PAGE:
The divided fleet races towards the trade winds while crew members weather their own...
Samsung, skippered by Aussie Matt Riddell, has taken over the prestigious 1st place in the Global Challenge as the lead yacht in the westerly group of the fleet, now split in two.
East and West now battle it out as they race towards the trade winds, which the yachts will reach in around 300 miles.
The fleet has just passed the Canary Islands in two distinct fleets. In the past few days the westerly yachts have enjoyed an advantage over the easterly yachts, which have passed through the Canary Islands looking for the Wind Acceleration Zone – the wind tunnel that occurs as wind passes between islands, such as Tenerife and Gran Canaria.
A low pressure forming to the west of the fleet will bring south westerly winds, bringing to an end the reaching run for the westerly yachts. Conversely there seems to be a north east breeze along the African coast within reach of the easterly yachts. In the meantime, stable weather and lighter headwinds for the westerly yachts could mean a change in the leader board.
Team Save the Children, skippered by Paul Kelly, which nearly had to divert to the Canary Islands due to a water maker failure, is gambling now to make up the deficit of miles lost over the past few days. They have diverted far east in what looks like a desperate attempt to find the stronger winds nearer to the coast. Time will tell if they can make up the 242 miles they are currently trailing from the leader.
4th place Barclays Adventurer, skippered by Stuart Jackson, looks to be in the most advantageous position, having got back on the Rhumb Line and hence capable of going either west or east.
David Melville, skipper of BP Explorer, currently lying in the middle of the fleet in 8th place explains the recent few days out at sea: “Which way to go? So BG SPIRIT (6th place), Spirit of Sark (7th place) and BP Explorer headed down between these islands in a kind of collective madness. We needed the wind to hold for this to work and inevitably it did not. We sailed slowly….. oh so slowly, between the islands and every position schedule showed a worse and worse picture. It was hell, there is nothing worse than being a skipper and leading your boat into a poor strategic position.
“I felt tense, anxious and miserable the whole day, it was so bad that I had stomach cramps. The only consolation was that we were not on our own. For most of this time Spirit of Sark were within close sight. First and second favourites, according to the bookies anyway, stuck behind an island where they should know better – ridiculous.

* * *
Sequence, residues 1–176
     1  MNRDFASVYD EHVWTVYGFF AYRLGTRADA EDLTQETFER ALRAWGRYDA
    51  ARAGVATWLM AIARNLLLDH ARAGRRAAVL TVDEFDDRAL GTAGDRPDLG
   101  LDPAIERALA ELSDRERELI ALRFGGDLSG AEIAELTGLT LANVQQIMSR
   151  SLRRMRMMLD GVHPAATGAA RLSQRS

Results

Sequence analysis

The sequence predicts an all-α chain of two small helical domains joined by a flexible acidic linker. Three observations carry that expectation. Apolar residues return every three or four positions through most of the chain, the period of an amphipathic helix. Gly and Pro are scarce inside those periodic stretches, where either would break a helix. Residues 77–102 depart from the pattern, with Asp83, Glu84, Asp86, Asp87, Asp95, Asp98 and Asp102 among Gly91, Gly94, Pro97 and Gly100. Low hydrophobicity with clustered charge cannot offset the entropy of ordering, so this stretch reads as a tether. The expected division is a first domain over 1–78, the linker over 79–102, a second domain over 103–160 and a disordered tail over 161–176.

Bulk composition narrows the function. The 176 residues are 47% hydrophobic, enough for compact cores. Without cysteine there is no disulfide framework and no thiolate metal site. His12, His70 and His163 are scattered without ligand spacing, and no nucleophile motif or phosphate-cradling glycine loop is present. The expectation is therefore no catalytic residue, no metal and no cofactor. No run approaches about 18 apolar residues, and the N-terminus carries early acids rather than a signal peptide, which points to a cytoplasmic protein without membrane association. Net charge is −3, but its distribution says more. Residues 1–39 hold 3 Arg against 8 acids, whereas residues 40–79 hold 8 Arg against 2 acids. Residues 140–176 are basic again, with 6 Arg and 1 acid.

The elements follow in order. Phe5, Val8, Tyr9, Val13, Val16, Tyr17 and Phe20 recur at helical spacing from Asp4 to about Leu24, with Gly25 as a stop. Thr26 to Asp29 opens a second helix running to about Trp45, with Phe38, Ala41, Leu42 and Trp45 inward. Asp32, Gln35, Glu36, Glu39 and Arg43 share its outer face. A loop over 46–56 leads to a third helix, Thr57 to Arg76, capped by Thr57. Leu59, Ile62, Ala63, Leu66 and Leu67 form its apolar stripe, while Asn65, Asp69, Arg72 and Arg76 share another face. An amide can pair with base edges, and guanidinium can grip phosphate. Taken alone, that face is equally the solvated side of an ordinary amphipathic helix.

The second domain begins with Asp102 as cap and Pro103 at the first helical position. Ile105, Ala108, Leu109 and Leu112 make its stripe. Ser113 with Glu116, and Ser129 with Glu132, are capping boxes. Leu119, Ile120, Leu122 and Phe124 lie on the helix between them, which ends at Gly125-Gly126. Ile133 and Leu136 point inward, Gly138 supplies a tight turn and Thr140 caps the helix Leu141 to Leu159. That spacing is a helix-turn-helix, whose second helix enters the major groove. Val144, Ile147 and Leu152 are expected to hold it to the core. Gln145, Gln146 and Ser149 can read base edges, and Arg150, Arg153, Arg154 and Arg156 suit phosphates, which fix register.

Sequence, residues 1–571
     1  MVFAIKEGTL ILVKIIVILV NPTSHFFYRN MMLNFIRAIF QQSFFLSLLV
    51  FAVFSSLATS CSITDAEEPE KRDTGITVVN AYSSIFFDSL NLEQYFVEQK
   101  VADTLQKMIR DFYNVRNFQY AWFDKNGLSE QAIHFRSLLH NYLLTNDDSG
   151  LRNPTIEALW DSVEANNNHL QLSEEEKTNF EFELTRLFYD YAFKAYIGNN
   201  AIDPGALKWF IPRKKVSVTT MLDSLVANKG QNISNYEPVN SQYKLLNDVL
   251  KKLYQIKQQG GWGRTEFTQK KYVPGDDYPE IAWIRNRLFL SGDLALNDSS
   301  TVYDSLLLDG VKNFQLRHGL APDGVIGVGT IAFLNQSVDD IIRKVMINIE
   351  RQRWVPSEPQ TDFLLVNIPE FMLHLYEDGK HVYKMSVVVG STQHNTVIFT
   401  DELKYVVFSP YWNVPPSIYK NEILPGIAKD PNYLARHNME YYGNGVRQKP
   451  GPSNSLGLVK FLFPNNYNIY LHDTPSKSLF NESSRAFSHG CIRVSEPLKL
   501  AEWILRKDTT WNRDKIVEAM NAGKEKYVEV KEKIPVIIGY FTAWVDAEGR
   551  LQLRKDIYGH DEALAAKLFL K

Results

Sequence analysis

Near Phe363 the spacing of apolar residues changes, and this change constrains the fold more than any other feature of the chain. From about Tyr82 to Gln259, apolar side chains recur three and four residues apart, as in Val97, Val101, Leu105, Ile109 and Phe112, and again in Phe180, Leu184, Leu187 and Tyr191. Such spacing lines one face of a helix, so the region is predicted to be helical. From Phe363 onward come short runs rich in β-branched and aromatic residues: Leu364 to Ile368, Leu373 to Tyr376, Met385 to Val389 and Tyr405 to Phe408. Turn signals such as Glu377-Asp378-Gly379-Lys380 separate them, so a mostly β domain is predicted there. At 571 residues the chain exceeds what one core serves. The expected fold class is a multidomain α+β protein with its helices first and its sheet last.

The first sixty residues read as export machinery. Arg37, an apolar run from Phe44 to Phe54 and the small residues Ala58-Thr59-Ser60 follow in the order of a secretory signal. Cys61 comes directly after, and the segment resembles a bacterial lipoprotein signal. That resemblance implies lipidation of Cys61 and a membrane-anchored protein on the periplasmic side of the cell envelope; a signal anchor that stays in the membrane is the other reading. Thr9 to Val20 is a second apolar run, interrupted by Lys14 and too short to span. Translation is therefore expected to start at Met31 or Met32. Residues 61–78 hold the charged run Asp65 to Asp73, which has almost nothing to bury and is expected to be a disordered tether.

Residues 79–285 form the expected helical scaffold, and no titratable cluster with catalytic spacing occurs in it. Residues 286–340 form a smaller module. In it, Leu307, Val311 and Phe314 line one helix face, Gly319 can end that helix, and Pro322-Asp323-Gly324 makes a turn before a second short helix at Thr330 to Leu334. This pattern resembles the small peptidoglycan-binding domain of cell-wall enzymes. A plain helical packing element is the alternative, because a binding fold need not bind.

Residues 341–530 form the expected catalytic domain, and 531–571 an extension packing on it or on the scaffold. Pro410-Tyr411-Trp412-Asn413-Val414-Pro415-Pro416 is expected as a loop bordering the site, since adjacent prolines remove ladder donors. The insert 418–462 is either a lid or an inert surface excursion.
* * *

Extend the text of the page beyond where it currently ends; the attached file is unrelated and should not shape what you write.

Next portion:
“Well we are on our way again. We are out to the east and consider ourselves to be in a three boat race for the next week. Slightly higher speed trade winds are forecast out here and so we should be able to slowly claw back some mileage. So much has happened and we have only been going about 10 days so there is probably another 25 days left to sort this mess out.”
Having to find every inch of mileage from the yachts is hard work and leads to immense frustration. As well as a great deal of soul searching from some, there is also the usual banter from others as Richard Parsons of Team Stelmar (9th place) explains:
“Now there are many criteria for selecting someone to climb the 95 feet to the top of the mast, but today a simple error was made.” The crewmember selected was one that had: a) More or less, been suffering from motion sickness for 10 days. b) Was feeling unwell c) Had just eaten lunch d) Been un-communicative for the last half an hour e) Had never scaled the mast before
“Nevertheless, he was hoisted to the top of the mast to look for wind. After a half an hour at the top and still being un-communicative, even though his primary role there was to communicate, his first clear call was “Look out below!” Instinctively, instead of ducking for cover, all the crew on deck looked heavenwards, which was their second mistake, as they were soon to discover.
“It might not seem funny to you, but for those of us below decks away from the firing line, in a manner of speaking, our day was brightened enormously as the contents of his stomach rained down on the deck above us.
“The queue for the showers shortly afterwards was a source of much amusement for some and considerable embarrassment for others.”
Current team positions:
Position yacht – Distance to finish
1 Samsung – 4339
2 VAIO – 4348
3 SAIC – 4,351
4 Barclays Adventurer – 4,365
5 Imagine It. Done – 4,369
6 BG SPIRIT – 4,408
7 Spirit of Sark – 4,409
8 BP Explorer – 4,412
9 Team Stelmar – 4,476
10 Pindar – 4,482
11 Me to You – 4,518
12 Team Save the Children – 4,581